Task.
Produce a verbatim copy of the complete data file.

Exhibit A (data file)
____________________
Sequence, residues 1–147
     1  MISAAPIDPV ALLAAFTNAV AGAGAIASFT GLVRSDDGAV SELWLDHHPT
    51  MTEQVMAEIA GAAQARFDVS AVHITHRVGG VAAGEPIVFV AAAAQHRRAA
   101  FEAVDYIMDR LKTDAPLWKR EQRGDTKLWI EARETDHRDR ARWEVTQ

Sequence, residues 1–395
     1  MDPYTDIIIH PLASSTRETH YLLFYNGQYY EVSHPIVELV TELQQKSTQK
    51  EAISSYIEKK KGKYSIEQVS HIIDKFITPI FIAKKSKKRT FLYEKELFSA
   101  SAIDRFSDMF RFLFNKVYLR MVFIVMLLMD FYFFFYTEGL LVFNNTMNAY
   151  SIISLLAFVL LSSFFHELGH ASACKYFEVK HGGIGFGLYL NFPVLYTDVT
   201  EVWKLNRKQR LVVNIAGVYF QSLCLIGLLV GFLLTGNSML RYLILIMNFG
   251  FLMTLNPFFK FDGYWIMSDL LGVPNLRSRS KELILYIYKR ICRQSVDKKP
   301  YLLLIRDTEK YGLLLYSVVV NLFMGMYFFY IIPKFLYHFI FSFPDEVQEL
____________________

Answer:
Sequence, residues 1–147
     1  MISAAPIDPV ALLAAFTNAV AGAGAIASFT GLVRSDDGAV SELWLDHHPT
    51  MTEQVMAEIA GAAQARFDVS AVHITHRVGG VAAGEPIVFV AAAAQHRRAA
   101  FEAVDYIMDR LKTDAPLWKR EQRGDTKLWI EARETDHRDR ARWEVTQ

Sequence, residues 1–395
     1  MDPYTDIIIH PLASSTRETH YLLFYNGQYY EVSHPIVELV TELQQKSTQK
    51  EAISSYIEKK KGKYSIEQVS HIIDKFITPI FIAKKSKKRT FLYEKELFSA
   101  SAIDRFSDMF RFLFNKVYLR MVFIVMLLMD FYFFFYTEGL LVFNNTMNAY
   151  SIISLLAFVL LSSFFHELGH ASACKYFEVK HGGIGFGLYL NFPVLYTDVT
   201  EVWKLNRKQR LVVNIAGVYF QSLCLIGLLV GFLLTGNSML RYLILIMNFG
   251  FLMTLNPFFK FDGYWIMSDL LGVPNLRSRS KELILYIYKR ICRQSVDKKP
   301  YLLLIRDTEK YGLLLYSVVV NLFMGMYFFY IIPKFLYHFI FSFPDEVQEL